2. Easily track progress

Project management is not just about planning, but tracking and controlling the project’s progress. Using traditional project management tools such as the Gantt chart and a work breakdown structure to plan production, helps manufacturers bring structure into the process, and it also enables them to track the project’s progress. It allows them to identify any delays in the schedule and which steps are necessary to deliver the product successfully (see critical path).

3. Better risk management

One of the most important aspects of project management is risk management. Every project manager knows that even the best planned project can be thrown off track by an unforeseen event. As manufacturing involves so many processes that built upon one another, the smallest inconsistency, such as a loose screw for example, can throw the production schedule off. Automation has helped manufacturing increase the efficiency of the production and output, but automation is also prone to malfunction. A machine can always break down and you will need to have contingency plans for that and other events, or you risk a complete halt of production which can be very costly. Effective risk management involves the following steps:

  • Risk identification: Identify all possible risks that could affect your production schedule, budget and quality.
  • Risk assessment: Assess and prioritize which risks are more likely to occur and which will have the biggest (negative) impact on your project.
  • Risk response plan: Decide on the steps you will take to avoid or eliminate the risk, or how to mitigate its impact on your production.
  • Risk status monitoring: Circumstances can change and so do risks, which is why you need to constantly monitor and control risks and make adjustments to your risk management plan if necessary.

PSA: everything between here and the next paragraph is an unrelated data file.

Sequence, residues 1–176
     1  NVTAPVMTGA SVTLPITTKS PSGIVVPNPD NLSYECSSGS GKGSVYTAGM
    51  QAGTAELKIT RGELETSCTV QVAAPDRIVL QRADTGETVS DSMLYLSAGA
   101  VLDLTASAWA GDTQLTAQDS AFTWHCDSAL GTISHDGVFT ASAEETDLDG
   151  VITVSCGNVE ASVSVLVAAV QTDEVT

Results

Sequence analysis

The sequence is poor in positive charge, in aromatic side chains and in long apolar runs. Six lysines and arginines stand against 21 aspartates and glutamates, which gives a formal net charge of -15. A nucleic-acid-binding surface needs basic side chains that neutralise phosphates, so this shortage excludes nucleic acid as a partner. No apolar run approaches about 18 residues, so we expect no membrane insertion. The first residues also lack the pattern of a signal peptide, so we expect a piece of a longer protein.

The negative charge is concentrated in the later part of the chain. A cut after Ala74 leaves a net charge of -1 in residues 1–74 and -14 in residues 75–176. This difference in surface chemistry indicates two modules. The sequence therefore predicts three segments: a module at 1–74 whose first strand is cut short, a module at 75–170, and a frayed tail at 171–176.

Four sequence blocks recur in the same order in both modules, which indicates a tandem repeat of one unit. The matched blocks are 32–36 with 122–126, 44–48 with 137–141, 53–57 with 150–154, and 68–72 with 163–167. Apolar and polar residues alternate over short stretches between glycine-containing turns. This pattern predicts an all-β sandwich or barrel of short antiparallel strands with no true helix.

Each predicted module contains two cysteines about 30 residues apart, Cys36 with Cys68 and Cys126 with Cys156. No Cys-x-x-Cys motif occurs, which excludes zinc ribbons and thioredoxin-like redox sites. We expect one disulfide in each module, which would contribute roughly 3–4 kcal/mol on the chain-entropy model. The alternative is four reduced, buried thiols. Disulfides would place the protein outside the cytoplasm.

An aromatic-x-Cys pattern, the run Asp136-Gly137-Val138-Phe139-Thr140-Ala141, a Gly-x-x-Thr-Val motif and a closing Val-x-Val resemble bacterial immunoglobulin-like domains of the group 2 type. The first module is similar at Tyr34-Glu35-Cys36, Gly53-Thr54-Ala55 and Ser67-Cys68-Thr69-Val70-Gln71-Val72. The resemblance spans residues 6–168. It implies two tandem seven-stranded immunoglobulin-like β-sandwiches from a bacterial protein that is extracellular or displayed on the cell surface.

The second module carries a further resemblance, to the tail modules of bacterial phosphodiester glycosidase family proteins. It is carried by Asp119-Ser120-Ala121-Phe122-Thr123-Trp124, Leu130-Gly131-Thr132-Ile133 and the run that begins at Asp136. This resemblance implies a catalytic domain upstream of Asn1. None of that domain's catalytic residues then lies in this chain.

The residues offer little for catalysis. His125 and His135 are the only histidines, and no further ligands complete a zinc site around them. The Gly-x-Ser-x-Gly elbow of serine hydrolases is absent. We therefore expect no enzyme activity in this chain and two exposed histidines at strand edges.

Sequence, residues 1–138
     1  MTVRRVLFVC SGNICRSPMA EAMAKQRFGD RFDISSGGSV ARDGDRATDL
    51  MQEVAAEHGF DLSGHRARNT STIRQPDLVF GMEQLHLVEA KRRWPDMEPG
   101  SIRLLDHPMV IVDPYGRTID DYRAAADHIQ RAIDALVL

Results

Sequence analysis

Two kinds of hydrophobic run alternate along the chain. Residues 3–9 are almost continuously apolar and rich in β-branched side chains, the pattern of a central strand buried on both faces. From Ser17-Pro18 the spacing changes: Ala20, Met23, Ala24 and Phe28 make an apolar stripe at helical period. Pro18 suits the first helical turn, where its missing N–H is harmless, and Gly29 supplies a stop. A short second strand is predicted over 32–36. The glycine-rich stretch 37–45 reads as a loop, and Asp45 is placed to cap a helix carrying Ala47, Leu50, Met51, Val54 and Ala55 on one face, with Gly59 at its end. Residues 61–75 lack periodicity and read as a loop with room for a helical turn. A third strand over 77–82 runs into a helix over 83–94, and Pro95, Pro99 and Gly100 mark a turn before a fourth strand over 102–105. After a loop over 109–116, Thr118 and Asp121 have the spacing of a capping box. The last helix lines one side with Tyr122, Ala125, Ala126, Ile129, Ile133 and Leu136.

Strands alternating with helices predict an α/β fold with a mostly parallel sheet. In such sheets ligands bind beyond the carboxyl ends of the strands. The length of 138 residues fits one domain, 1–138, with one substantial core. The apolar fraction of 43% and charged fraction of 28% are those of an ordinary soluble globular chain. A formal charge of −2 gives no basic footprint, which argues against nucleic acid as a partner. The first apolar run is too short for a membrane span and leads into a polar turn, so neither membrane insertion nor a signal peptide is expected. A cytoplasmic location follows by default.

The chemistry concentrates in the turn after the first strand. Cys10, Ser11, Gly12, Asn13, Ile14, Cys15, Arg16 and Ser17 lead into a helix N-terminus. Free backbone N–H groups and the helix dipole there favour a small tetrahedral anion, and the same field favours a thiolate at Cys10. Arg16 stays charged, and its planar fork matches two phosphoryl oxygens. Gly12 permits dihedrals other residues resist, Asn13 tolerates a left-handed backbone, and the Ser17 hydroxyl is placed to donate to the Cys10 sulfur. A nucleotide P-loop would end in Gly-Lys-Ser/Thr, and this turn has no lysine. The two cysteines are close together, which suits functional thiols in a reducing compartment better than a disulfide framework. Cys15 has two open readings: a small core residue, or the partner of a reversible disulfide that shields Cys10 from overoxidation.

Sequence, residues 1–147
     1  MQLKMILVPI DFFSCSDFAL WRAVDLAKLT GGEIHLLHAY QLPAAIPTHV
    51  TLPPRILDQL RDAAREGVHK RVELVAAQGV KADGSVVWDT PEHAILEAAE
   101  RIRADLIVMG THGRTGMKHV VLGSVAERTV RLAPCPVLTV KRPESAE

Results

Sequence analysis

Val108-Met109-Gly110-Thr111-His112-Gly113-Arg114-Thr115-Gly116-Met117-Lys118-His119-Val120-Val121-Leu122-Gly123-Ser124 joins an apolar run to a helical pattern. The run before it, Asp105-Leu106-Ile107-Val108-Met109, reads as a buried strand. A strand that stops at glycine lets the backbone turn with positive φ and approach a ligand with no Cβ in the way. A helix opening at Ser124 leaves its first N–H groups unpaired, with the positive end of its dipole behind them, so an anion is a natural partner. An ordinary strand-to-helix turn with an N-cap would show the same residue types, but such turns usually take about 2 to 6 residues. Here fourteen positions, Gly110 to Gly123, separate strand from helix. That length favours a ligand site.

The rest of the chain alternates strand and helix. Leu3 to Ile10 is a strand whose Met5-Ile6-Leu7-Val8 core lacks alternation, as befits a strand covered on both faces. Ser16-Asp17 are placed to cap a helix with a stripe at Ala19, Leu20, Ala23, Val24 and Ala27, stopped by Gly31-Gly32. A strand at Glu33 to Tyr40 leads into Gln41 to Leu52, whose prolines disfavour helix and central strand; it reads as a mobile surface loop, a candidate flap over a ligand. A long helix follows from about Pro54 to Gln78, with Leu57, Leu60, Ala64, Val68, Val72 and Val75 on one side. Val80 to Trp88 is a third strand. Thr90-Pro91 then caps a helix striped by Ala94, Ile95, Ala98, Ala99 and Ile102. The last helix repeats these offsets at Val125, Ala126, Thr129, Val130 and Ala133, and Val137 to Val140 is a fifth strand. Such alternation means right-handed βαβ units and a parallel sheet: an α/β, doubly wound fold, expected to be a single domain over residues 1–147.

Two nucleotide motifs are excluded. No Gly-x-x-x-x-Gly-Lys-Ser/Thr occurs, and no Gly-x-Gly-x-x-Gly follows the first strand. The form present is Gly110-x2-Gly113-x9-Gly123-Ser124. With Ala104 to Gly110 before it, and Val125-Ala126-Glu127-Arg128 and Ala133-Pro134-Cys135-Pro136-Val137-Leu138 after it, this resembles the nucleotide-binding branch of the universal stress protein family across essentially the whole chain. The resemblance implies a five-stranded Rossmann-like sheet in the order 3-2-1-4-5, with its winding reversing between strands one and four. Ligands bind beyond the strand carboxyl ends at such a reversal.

4. More effective tool utilization

The manufacturing industry is familiar with tools that facilitate more effective and efficient production of goods. Utilizing the right project management tools equally helps manufacturers create better production plans, control production processes, manage risks and measure and quantify success. It also enables more effective collaboration between team members and across departments. A project management tool with a document management system makes it possible to retain knowledge and best practice lessons for future projects.

5. Continuous improvement

The goal in manufacturing and project management alike, is to improve continuously. It’s important to improve production processes, products and tools utilization. To do so, it’s important to combine project management skills and methods with established manufacturing methods to increase the efficiency and effectiveness of processes and products. Improving always goes hand in hand with ‘change’. Change is not easy to come by and it can be time and resource consuming, but it is important for a business to grow. Implementing project management methods can help manufacturers improve, to ‘get better at getting better’ so to speak: By streamlining processes, by carefully tracking and measuring the progress of the production, by tightly controlling risks, and by utilizing available PM tools to their fullest potential. 

Read our other "Project Management in Different Industries" blog posts: